We lived in the Korean countryside for over 2 years and not that many people are fluent English speakers there, so Hugh and I got into the habit of not really moderating what we said in public. In Seoul we still sometimes say things loudly in English that maybe isn’t the most appropriate thing to say.
We were in a department store when I was asking Hugh to comment on the size of my butt (I wasn’t sure about Korean sizes). A guy walked past and obviously heard and burst into laughter. Like that sudden snorting laughter. His laughter made me laugh as well, but reminded me that many people can understand me here.
Have you ever had a situation like that before?
We aren’t able to make a video this week due to business stuff and health stuff. This footage was originally for a Seoul Life video but thought I’d just put it up now instead. There has hardly been any snow this winter in Seoul so I’m glad we took the opportunity to play in the snow in the middle of the night.
We did our best to recreate an Australian style Christmas in Seoul. We sourced some things locally but also had some things sent from Australia like gravy, Christmas crackers and Christmas chocolate. Our friends Han and Sophie and their kids Alice and Gyo joined us for Christmas lunch.
Hyunwoo (from Talk to Me in Korean) and his family also visited in the afternoon.
We have always known President Park was a likely a puppet (her father was previously a president and a dictator) and we knew cults influenced so much of Korea but it’s shocking to see the extent of it. The corruption is everywhere and Choi Soon-sil, a cult leader, has had a dangerous amount of power over the president. She has had so much influence over everything (everything from dressing the president to rewriting her speeches) and the corruption runs deep. We have heard firsthand accounts from friends of what she has been doing. She tried to take over important Korean cultural centers to make into her own restaurants (paper businesses for embezzling money), literally walked into them and tried to fire people on the spot. These are important places for traditional Korean culture not only for Koreans but foreigners to experience. This is just one incident of many. Choi Soon-sil has no respect for Korea, uses it as her personal playground and all with the permission of the president. South Koreans are sick of the corruption in politics and are horrified to learn how much corruption there really is. President Park’s approval rating is at an all-time low of 5% and possibly anyone still supporting her only does because they benefit financially. The whole world is a worrying place at the moment which is why going to the protests is important to us.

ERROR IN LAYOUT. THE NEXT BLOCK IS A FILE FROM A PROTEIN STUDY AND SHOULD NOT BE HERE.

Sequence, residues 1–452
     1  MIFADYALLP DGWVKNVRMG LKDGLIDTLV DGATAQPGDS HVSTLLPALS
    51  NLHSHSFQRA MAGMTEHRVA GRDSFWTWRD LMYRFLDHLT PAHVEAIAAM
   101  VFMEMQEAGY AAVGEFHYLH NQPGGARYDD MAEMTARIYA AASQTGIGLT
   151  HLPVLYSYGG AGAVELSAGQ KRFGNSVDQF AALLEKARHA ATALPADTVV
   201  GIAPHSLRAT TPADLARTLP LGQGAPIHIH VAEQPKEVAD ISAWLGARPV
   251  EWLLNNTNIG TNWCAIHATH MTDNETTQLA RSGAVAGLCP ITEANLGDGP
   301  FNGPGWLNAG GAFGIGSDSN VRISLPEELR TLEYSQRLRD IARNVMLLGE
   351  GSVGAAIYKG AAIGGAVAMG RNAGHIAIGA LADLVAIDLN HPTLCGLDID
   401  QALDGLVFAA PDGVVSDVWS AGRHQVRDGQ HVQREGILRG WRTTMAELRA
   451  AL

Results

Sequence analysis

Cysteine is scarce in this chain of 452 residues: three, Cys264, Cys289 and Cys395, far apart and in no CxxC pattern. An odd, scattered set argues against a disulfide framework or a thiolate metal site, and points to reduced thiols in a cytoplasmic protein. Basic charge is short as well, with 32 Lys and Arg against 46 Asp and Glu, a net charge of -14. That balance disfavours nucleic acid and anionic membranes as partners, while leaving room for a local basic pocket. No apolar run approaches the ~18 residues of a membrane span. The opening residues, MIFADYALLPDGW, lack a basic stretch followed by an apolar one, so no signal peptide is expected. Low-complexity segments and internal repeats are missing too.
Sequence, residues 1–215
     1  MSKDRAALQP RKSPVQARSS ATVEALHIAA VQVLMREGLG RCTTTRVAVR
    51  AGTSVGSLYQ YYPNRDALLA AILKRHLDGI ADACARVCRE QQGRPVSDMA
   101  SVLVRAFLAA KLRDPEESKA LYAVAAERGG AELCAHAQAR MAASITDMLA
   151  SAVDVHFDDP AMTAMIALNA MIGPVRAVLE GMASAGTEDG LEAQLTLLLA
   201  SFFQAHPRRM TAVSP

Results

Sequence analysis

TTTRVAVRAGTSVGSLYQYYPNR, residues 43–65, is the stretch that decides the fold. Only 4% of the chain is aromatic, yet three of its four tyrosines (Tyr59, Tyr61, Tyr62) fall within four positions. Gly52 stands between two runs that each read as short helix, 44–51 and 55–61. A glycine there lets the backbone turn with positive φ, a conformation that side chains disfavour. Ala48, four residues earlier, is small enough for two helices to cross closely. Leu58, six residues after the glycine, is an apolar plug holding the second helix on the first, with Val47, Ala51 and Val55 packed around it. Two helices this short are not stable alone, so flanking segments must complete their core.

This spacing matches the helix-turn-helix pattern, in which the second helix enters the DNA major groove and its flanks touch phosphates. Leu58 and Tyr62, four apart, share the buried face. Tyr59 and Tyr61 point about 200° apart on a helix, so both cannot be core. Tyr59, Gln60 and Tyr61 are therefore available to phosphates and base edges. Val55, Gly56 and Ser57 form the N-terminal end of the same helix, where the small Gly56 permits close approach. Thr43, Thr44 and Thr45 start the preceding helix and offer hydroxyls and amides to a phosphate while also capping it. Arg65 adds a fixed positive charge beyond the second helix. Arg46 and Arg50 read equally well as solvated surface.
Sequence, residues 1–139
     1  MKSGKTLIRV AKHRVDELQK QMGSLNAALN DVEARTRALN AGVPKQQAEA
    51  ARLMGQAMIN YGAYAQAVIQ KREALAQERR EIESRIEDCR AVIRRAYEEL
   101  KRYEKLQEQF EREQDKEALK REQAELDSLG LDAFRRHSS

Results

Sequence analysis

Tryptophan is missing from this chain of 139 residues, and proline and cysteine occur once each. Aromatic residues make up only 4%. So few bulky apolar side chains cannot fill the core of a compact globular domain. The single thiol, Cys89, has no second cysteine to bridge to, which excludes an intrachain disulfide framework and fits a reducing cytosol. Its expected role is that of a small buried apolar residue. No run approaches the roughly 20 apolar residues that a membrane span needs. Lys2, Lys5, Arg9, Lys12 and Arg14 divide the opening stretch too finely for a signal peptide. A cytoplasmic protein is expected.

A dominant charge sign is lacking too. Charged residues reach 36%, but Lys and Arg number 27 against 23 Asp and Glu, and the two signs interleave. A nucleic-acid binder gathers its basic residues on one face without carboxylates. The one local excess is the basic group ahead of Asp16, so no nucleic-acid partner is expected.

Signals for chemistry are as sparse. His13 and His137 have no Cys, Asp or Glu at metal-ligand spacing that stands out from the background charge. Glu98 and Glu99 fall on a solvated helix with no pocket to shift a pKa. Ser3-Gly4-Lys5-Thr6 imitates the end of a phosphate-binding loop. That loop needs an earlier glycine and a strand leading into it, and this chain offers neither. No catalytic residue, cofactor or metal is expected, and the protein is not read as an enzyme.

Our first Halloween in Korea! Actually it’s the first Halloween we had celebrated together because it’s only just started getting popular in Korea and Australians don’t really celebrate it that much (or if you do celebrate it, there can be so much negativity about it being an American thing and backlash about American culture being in Australia). Australian Christian communities can be very anti Halloween as well, much to the surprise of my Christian American friends who celebrate it. I think there being so many Americans in Seoul has influenced how popular Halloween, especially with young people. Also older people complimented on our costumes as well, we didn’t feel any negativity about it (well besides from the girl that Alex scared!).
I was Miss Havisham from Great Expectations, though most people assumed I was a ghost bride or something. Hugh was an Australian bogan zombie. I guess ‘bogan’ can be translated as ‘white trash’. He also had racist tattoos on his arms, not just the Southern Cross but “Aussie Pride” and “F*** Off, we’re full”. His costume was a bit subversive because of course that type of person is racist to Asians and those types of tattoos proudly display that racism. So he was also poking fun at a certain white stereotype, while at the same time embracing other aspects of Australian culture (he wore thongs/flip flops, board shorts, a cricket singlet and sunscreen while holding a VB beer).
Hugh and Joel try out VR in Hongdae in Seoul. It’s about 6,000 won for 20 minutes if you are looking to have the pants scared off you.
Have you tried something like this?
We went to the Han river with a bunch of our friends. Han and Sophie and Alice have moved back to Korea! It’s awesome to be able to see them regularly. (Sophie’s blog about raising a bilingual child is here).
We also went with with Hyunwoo and his wife Mikyung and their son Joon. Also our friend Megan Bowen (on YouTube Chonunmigooksaram) came as well. We all live in a similar area in Seoul, so it’s great to be able to spend time together like this. It was a public holiday so there were so many people in the parks at the river, but it was a lot of fun. It’s so nice to see Joon and Alice playing together!